Lactic Acidosis (Grain Overload)
by Robert Van Saun, DVM, MS, PhD Department of Veterinary Science Pennsylvania State University
AppleJo Farms Note: "I had a doeling a couple years ago, who was getting pushed out at feed time and couldn't get her grain. I thought I'd help by letting her eat grain out of the bin while I did chores, not realizing how much she was eating. After a few days of this, I noticed her standing off by herself and not eating. I acted immediately and after doing the research, determined it was Lactic Acidosis or Grain Overload. I administered CD Antitoxin (first 2 doses 6 hours apart) and the next at 24 hours from first dose.) By the next day she was 50% improved and by 48 hours, completely improved. Never since have I let a goat overeat grain!"
Clinical Signs. Simple indigestion may be the first indication of a lactic acidosis problem. Any goat eating solid feed containing concentrate is potentially susceptible to ruminal acidosis. In mild to moderate cases the goat will back off feed, especially grain, usually only for one feeding. One may observe a slug feeding behavior where does eat well one day, then back off and repeat the cycle.
More chronic acidosis problems will manifest as variable appetite, depressed milk fat and chronic laminitis. Toes grow abnormally fast with "rings". Acute laminitis shows up as painful feet. The quality of the horn is poor and flaky. Goats may be lame and prone to foot abscesses. In some cases, diarrhea will be present, smelling acidic and yellow in color.
With more severe acute lactic acidosis, protozoa and bacteria die, rumen becomes static and the goat becomes depressed and dehydrated. The rumen is fluid filled and "sloshy".
Acute lactic acidosis may result in death within hours or days. In very severe cases, there is no diarrhea because of total gut stasis. The goat may appear "drunk" and ataxic. Acute acidotic goats will be recumbent and look very similar to milk fever, i.e. cold with dilated pupils. Rumen examination (pH and examination of flora) need to be done to confirm a diagnosis.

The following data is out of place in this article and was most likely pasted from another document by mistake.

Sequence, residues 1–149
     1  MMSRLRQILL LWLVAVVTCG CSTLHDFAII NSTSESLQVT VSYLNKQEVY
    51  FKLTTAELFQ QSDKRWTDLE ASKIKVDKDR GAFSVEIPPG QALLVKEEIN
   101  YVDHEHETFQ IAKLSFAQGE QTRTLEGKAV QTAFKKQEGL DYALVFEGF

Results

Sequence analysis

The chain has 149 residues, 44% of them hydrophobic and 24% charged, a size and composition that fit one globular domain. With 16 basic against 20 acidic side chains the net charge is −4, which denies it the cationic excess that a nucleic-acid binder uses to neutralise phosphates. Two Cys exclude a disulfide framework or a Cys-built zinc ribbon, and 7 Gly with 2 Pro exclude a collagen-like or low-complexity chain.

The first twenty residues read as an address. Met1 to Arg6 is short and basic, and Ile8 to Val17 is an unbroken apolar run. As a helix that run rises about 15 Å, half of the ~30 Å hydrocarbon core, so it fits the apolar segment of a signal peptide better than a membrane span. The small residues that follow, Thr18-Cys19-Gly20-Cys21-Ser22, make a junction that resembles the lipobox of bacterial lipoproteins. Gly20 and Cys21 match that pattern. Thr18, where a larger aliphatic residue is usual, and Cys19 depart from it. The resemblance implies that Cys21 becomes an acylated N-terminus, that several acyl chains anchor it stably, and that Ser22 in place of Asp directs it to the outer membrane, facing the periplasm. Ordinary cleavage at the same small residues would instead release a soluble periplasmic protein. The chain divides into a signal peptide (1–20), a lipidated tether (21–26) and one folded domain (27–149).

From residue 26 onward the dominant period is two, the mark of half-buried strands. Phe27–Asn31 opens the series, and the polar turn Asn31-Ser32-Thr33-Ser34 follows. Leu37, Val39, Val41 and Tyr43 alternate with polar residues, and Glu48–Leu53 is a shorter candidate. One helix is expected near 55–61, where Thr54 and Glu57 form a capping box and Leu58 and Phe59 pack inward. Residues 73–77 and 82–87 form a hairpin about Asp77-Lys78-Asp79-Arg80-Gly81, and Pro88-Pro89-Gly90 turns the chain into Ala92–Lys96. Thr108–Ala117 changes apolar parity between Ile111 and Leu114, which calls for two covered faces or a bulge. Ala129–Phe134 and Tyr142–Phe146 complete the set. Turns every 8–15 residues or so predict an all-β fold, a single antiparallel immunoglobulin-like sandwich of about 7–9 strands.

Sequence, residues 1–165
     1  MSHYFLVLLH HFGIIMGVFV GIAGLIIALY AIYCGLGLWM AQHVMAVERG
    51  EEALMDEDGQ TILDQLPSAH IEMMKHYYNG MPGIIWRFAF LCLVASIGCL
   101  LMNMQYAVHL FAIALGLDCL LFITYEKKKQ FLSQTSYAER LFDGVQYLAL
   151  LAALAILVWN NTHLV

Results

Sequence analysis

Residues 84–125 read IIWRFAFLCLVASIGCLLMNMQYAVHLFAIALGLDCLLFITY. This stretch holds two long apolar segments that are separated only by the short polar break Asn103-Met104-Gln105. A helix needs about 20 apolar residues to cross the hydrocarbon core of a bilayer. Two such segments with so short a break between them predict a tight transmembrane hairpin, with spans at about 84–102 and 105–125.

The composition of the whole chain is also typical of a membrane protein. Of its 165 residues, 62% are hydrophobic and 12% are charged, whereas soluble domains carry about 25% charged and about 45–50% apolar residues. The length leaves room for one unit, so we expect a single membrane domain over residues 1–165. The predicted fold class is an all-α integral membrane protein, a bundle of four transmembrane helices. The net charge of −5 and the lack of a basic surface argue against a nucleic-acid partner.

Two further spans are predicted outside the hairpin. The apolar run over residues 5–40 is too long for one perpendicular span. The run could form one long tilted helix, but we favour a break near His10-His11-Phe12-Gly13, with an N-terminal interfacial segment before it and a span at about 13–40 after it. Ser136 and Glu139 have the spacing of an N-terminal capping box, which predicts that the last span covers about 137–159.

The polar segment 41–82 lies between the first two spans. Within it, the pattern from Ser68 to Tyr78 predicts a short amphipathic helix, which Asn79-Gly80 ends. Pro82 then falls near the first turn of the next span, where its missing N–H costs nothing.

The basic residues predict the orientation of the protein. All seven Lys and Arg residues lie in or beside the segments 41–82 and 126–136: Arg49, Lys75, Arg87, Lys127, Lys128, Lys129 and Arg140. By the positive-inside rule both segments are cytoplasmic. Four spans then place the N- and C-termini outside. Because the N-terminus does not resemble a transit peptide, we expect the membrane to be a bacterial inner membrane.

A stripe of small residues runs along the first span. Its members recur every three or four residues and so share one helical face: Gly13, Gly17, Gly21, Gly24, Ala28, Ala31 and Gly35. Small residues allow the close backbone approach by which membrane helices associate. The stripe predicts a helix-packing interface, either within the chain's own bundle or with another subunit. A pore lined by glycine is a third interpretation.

Causes. The rumen ecosystem is comprised of more than 200 species of bacteria, protozoa, fungi and viruses. Bacterial species span the range of substrate fermented and end product formation. Lactic acid is one of many potential fermentation end products generated by sugar and starch fermenting bacteria. In normal rumen conditions, production of lactic acid is counterbalanced by its consumption by lactate fermenting bacteria. Lactic acid is a potentially deleterious product in the rumen as it will reduce pH to a point of suppressing bacteria responsible for fiber fermentation. Most bacteria in the rumen are pH sensitive, not being able to survive below pH of 6.0. In situations where excessive sugar or starch is consumed, lactic acid will be overproduced and accumulate, thus inducing a severe decline in rumen pH. As the rumen pH declines, Lactobacillus bacteria will start to proliferate generating more lactic acid. The animal becomes acidotic and loses fluids to the rumen, becoming dehydrated. The rumen system in best maintained on a consistent dietary regimen. Dramatic changes in dietary forage to concentrate ratio, total amount of concentrate fed and concentrate fermentability will be conducive to lactic acidosis situation. Fiber (e.g. hay or silage) is important in the diet as it stimulates the goat to chew, thus producing alkaline saliva serving to buffer the rumen. Diets with minimal fiber or chopped too finely are more at risk of lactic acidosis.
Treatment. With mild to moderate cases, symptomatic therapy along with a reduction in grain feeding may suffice. Injections of CD Antitoxin are necessary. Keep it in your Refrigerator on hand.
In severe acute cases treatment is heroic, intensive supportive care and surgical emptying of the rumen (rumenotomy). Supportive therapy includes intravenous and oral fluids, rumen transfaunation (rumen juice from a healthy animal), alkalinizing solutions for the rumen (only done with caution), antibiotics and nursing care. Even if one recovers an affected goat, secondary problems related to bacterial and fungal infections of the liver and rumen wall need to be addressed.
Prevention. Inadvertent accessability to grain storage must be prevented. Grain feeding within a diet must be controlled and managed appropriately. Processed grains need to be carefully managed to prevent acidosis as they are more readily available for fermentation in the rumen. Grains should never be fed prior to a forage meal as forage consumption initiates salivary buffering. If grain accessability is separate from forage feeding, grain feedings should be divided into 3 or more separate feedings depending upon the amount needed to support production level. Problems with grain feeding can be minimized by feeding a total mixed ration (TMR). Feed changes all need to be made gradually over several days so the flora have time to adapt.